• 1 cup of mayonnaise
  • 3/4 cup sour cream
  • 1 tbsp apple cider vinegar (yes, I really do buy it by the gallon) or lemon juice 
  • 1/2 to 1 inch anchovy paste
  • Slowly add milk or buttermilk until it reaches your preferred consistency. I like mine thicker.

Refrigerate for at least 2 hours to let the vinegar mellow. It will thicken in the fridge and you may want to add a little more milk at that point.


To make the dairy-free version whisk together:

Refrigerate for at least 2 hours to let the vinegar mellow. It will thicken in the fridge and you may want to add a little more milk at that point.


Now, if you want to get crazy, I have some additional things I occasionally add. Sometimes I add in a little sugar for a sweet tangy kick. If you’ve ever had the amazing ranch dressing at Ted’s Montana Grill, you know what I’m talking about. My. Favorite. Ever. It is sweet, tangy and garlicky. So sometimes I add some extra garlic to my made up dressing. I mean fresh minced garlic. Nothing that comes out of a can or jar. I don’t add a lot. Maybe just half of a small clove. Remember that raw garlic will just get stronger the longer it sits, so ere on the side of not enough. Then I add about a tsp of sugar and keep tasting until I like it. Sometimes I just do the sugar and no garlic. It really just depends on how much dressing I made, so I can’t give you an exact amount.

If you want to go more Outback Steakhouse with your dressing, add 1/4 tsp fresh cracked pepper, 1/8 tsp paprika, a couple shakes of cayenne pepper, and 1/8 tsp garlic salt to about 1 1/2 c prepared dressing.

Do you make your own ranch? Don’t forget to share below!

8 thoughts on “Homemade Dry Ranch Dressing Mix + Dairy-Free Dressing Recipe”

  1. Hi April! Your recipe sounded so good I had to whip it up this morning. I didn’t have any garlic salt, so I looked up recipes on how to make garlic salt with garlic powder (one part garlic powder: 3 parts salt) and substituted that instead. Now the ranch dressing is "whoa" salty. So salty I can’t really tell if I like recipe or not. I was worried that with all the salt I ended up adding that it might be a problem. Any recommendations on how I can fix both the dry mix and the mayo I just made? Any adjustments I should make to the dry mix recipe in the future? Is it supposed to be pretty salty?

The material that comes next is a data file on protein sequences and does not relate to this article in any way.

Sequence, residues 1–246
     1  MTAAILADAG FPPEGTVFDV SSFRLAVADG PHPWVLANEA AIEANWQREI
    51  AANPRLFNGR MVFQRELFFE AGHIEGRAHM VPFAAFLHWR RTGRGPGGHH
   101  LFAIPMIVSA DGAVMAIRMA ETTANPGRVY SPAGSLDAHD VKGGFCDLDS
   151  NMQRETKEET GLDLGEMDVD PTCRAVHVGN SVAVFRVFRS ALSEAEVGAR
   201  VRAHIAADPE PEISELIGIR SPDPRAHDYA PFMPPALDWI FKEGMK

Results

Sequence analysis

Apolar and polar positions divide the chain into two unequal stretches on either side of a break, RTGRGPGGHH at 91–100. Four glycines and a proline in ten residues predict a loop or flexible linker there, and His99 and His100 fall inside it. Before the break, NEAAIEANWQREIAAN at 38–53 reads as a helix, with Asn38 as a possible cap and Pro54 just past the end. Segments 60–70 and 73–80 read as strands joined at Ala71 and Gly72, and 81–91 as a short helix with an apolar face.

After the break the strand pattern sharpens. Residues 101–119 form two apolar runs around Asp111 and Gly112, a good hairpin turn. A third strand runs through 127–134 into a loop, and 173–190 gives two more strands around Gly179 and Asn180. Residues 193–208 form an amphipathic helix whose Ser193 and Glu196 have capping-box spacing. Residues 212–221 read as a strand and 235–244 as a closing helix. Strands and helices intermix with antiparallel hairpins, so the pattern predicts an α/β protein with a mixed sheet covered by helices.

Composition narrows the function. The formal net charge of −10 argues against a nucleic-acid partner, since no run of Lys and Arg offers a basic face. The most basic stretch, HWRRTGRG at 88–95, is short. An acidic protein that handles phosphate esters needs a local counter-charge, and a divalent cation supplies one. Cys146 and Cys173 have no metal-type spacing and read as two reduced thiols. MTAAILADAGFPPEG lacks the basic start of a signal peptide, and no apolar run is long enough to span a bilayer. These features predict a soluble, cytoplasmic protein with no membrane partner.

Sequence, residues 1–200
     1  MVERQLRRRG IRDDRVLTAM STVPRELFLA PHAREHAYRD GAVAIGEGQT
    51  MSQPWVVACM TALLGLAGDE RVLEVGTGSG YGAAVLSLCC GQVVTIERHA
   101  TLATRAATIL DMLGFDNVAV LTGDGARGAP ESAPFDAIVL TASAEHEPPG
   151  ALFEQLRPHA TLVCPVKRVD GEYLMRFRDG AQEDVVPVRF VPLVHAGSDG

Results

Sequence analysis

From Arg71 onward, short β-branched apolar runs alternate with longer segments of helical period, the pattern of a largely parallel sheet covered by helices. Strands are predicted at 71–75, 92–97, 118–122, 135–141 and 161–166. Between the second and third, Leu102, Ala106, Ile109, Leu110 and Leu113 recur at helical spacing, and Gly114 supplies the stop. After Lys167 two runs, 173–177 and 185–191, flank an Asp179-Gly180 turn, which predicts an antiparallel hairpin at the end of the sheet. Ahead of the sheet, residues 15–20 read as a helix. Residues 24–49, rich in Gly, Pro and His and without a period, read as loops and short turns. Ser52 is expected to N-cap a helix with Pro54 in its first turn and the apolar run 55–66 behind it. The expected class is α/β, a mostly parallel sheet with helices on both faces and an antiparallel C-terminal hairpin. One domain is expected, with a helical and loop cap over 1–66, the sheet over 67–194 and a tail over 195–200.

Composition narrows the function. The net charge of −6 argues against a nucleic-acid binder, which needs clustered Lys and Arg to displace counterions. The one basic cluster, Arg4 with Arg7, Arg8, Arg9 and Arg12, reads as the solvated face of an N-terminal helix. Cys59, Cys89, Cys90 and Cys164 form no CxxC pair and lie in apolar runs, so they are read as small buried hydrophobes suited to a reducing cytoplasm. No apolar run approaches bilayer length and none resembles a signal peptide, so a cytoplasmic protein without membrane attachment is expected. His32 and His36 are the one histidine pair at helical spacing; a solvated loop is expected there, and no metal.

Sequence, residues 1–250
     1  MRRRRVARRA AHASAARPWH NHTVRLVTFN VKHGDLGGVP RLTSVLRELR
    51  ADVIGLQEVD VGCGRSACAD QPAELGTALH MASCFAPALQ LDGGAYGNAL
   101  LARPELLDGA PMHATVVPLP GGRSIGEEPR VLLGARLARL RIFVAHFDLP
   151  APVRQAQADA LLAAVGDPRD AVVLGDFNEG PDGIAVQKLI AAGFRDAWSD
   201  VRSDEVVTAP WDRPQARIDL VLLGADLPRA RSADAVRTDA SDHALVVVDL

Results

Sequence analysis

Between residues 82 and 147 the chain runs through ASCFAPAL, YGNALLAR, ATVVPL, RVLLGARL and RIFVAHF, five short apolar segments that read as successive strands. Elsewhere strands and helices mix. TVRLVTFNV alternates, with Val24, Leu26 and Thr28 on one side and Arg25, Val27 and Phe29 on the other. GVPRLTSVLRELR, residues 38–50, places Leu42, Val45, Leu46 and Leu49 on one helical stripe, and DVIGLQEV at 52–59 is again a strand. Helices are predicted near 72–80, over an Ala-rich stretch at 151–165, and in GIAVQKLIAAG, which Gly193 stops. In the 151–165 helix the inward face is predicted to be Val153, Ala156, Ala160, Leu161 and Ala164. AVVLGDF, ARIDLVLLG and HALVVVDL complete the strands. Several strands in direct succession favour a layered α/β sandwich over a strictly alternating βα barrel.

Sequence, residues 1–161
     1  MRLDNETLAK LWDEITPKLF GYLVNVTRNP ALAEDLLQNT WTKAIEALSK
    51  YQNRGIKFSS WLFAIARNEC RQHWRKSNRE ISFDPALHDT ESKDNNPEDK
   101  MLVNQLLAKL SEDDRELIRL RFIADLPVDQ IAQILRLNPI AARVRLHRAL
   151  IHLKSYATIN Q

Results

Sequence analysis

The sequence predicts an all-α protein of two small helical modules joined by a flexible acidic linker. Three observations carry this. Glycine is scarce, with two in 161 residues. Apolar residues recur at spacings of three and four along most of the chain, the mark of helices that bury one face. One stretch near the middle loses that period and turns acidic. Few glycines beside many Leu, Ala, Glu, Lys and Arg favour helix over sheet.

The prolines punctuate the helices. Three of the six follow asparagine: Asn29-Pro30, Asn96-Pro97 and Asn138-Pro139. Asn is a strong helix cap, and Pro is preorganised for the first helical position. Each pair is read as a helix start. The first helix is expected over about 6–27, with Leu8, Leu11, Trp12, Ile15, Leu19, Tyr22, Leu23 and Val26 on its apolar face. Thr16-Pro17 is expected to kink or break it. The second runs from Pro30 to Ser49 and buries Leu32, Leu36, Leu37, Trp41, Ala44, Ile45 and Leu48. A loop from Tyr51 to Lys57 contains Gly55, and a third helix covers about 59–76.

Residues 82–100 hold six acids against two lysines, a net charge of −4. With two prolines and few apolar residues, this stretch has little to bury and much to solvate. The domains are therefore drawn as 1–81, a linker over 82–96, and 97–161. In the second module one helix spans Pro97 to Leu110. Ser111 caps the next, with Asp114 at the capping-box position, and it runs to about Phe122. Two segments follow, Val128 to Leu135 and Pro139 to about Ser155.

2. Stunning Style

    Ruth that sounds like something I would do in my excitement to try something. I’m not sure how to tell you to fix it. It shouldn’t be "whoa" salty. Maybe add all the other ingredients again without adding the garlic salt and add more garlic powder instead? Also, kosher salt is lighter and fluffier and less by volume than table salt. So if you used regular salt instead of kosher salt, it will be extra salty as well.

    1. Stunning Style

      I don’t think I have a print function, but I can look into it. I don’t print anything anymore, I pin it! 🙂

  3. Looking forward to trying this! I despise bottled ranch dressing, but love ranch at certain restaurants.

    Have you ever tried this with unsweetened almond milk, instead of milk? I suppose I could dilute with water too. 🙂

  4. Laura I’m the same way! Bottled ranch is gross. Fresh-made restaurant ranch is delicious. If you use almond milk put a little at a time until the consistency is what you like. It’s much thinner than coconut milk, so you won’t need as much.